How to stop giving boring presentations

Emma Bannister


written on September 6, 2017

Knowing your audience and what matters to them is the key to giving great presentations.

Do you remember the last time you sat in a room listening to a presentation that you had no interest in or wasn’t relevant to you? You likely felt frustrated, bored, and even annoyed. Now switch this scenario and think about the last time you were the person giving that type of presentation. You likely felt frustrated and annoyed that no one was listening to you.

For a presentation to be powerful, inspirational or communicate a clear message to the other members of your HR team, you must make your audience the focus of your presentation.

That means you need to think about their needs, why they’ve blocked out time in their diary to see your presentation and why they should care about what you’re saying. Remember every presentation has a goal, whether it’s to sell a big idea, share results or simply educate, so it’s vital you create common ground with your audience and engage them right from the very beginning.

Understand who you’re talking to

Who is in your audience and why are they coming to your presentation? Finding out the demographics and their job roles is a good start., but you also have to dig a bit deeper than that.

Has the big boss made them come along? Would they rather be somewhere else? Or are they excited because you’re going to solve a major problem for them? At the end of the day, most people want to know how you’re going to make their life easier. If you have an understanding of who is in the audience, how they are feeling about being there and why they should care about what you’re saying then you can tailor your message to suit their needs.

Find and share common interests

Once you’re clear on who’s in the room and why, you’re goal is to find and share some common interests so that your audience thinks you’re credible and trusts what you’re saying.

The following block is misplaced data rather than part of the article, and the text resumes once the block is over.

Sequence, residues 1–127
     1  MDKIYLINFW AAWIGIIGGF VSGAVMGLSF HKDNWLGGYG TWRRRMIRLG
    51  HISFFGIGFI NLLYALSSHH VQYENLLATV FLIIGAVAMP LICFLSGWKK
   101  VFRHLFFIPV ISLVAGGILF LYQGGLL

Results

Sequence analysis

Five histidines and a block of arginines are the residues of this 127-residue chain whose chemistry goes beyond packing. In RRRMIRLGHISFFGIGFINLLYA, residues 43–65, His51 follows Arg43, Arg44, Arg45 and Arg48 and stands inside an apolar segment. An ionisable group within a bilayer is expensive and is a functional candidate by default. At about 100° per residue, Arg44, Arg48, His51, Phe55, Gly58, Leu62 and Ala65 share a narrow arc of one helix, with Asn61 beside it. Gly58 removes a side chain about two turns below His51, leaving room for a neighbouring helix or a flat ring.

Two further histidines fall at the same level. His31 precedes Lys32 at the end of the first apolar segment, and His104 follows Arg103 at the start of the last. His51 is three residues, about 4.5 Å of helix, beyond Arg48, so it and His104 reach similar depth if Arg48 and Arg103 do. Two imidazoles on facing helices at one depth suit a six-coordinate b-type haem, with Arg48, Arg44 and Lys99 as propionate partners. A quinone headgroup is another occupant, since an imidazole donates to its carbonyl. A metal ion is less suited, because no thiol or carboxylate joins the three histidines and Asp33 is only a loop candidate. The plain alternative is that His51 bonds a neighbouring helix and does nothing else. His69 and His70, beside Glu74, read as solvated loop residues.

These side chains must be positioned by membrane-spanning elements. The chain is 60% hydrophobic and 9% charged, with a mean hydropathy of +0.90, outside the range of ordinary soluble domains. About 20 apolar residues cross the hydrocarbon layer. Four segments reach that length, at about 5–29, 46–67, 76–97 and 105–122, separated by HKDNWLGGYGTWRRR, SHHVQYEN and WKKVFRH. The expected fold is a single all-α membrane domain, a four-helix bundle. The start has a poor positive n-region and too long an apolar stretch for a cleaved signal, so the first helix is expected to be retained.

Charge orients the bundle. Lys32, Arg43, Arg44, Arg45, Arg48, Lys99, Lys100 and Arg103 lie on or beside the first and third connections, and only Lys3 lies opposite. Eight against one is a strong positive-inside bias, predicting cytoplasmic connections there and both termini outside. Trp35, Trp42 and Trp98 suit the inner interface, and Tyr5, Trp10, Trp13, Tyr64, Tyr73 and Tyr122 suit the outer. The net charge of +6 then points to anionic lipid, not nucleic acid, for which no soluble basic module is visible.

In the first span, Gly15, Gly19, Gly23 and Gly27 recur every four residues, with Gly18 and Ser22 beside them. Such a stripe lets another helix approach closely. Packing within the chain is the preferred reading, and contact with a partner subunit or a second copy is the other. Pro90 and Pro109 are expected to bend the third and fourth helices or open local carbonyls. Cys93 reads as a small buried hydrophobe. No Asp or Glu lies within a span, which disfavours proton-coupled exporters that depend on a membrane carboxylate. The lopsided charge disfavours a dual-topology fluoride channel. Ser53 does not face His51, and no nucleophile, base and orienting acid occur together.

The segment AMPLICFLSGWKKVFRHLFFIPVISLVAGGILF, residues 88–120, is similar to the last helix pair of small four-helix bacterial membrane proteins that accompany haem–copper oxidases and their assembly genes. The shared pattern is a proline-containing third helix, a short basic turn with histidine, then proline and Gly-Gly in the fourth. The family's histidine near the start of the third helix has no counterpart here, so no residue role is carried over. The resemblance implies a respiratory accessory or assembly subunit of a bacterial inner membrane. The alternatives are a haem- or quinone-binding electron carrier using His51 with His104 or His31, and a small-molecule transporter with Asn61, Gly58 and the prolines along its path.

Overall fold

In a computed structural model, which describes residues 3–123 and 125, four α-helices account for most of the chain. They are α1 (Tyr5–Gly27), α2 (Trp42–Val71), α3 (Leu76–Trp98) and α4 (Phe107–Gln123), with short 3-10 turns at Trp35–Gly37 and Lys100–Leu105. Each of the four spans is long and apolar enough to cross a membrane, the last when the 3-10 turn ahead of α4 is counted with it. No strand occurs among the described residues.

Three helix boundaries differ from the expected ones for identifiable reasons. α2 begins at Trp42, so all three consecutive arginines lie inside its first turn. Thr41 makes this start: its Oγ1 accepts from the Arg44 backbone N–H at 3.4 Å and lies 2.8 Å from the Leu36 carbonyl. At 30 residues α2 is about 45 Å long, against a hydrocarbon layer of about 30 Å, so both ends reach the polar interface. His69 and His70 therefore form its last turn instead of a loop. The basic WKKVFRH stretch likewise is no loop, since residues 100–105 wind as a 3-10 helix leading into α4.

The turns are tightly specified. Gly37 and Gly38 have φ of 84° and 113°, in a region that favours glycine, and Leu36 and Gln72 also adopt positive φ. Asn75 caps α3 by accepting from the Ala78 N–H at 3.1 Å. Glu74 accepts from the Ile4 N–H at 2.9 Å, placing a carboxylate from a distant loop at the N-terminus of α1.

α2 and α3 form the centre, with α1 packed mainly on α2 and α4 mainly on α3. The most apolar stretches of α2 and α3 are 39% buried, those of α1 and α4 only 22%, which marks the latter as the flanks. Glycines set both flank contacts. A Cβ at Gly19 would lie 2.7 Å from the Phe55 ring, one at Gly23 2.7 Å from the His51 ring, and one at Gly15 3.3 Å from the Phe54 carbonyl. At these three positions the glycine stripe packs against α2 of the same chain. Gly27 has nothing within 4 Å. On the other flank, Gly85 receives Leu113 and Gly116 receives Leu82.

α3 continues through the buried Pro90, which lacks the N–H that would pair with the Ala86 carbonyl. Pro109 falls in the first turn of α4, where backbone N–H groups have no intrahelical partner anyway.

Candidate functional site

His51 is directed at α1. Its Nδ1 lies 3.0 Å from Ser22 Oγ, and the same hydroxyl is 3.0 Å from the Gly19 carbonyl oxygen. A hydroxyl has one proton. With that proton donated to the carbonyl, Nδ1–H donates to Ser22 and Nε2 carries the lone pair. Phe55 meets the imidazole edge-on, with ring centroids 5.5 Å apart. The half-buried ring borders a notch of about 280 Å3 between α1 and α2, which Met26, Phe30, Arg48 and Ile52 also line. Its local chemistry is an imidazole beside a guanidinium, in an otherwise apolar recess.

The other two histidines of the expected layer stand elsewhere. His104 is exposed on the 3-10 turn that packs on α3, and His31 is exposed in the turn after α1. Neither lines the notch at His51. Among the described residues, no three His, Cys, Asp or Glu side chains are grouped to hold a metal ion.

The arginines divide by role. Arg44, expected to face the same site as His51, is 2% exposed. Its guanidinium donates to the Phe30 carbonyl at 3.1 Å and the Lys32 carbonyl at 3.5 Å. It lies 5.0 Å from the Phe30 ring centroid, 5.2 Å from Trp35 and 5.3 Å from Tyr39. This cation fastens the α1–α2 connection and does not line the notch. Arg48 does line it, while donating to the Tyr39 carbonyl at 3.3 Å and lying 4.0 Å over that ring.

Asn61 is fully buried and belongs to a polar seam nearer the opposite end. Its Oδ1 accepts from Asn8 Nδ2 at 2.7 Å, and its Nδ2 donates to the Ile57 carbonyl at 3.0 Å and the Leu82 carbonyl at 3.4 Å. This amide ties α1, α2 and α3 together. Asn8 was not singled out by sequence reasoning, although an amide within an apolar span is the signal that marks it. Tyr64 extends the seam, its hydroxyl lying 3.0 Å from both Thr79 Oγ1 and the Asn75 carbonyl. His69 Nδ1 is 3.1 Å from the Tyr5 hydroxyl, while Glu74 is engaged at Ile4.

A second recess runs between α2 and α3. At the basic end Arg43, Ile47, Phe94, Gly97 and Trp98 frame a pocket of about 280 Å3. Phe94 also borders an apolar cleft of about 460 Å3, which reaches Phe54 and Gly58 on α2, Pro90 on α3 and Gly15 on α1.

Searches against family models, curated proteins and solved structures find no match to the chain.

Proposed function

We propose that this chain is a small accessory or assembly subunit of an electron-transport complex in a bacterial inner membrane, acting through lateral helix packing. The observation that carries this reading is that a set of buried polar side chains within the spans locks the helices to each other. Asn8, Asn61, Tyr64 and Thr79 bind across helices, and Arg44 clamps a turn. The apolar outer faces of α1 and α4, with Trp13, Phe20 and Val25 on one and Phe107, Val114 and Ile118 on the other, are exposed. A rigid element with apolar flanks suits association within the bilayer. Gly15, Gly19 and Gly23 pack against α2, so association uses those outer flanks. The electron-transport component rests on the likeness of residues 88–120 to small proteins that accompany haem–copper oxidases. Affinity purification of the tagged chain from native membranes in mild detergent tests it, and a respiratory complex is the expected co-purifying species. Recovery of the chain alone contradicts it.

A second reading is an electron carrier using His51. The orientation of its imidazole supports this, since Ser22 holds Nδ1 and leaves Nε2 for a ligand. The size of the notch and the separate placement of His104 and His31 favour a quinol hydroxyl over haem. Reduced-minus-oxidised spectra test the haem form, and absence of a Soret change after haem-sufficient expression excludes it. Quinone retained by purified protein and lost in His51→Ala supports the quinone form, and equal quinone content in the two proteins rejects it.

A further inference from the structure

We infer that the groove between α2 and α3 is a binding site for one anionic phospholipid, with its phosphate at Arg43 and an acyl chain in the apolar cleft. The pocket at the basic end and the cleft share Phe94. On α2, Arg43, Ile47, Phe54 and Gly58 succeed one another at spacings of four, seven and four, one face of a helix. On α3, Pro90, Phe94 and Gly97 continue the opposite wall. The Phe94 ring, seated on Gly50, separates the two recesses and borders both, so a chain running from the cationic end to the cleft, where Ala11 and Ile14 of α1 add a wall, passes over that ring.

Talking the talk isn’t enough. Most people can sniff out a sales spiel a mile away. Remember we buy from people that we like, so your audience needs to connect with you, the person presenting the message.

You’re aiming for that instant connection that makes you feel like you’re all on the same page. Perhaps you all have a desire to fix the same challenge, an interest in a certain technology, or a passion to change the industry. Think carefully about what you might have in common and use it to your authentic advantage to build rapport.

Make an emotional connection

The only way to reach your audience and truly influence them into action is to take them on a journey with you. You need to learn to tell a story that will pull on people’s heartstrings and make your message memorable.

Most corporate presentations focus heavily on the hard facts and current stats, but research tells us that it is emotion that drives our decisions. We buy, or buy-in to something, based on how we feel about it, not whether all the numbers add up. Use images to create sadness, excitement, inspiration or even anger if it’s appropriate to your cause. Tell stories that are relevant to what you are saying and that support your slides.

Your goal is to strike the right balance of analytical and emotional content to fit your audience. Find the right balance of fact and feeling. This is how you’ll connect with your audience and inspire them to act each and every time you present.

Emma Bannister is the founder and CEO of Presentation Studio.

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One thought on “How to stop giving boring presentations

  1. I am a an HE trainer, at the beginning I faced the challenge of attracting my audiance, after starting to tell stories, to focus on their interests not just lecturing. Everything changed.
    Wish us all the best.
    Reem Hoseh

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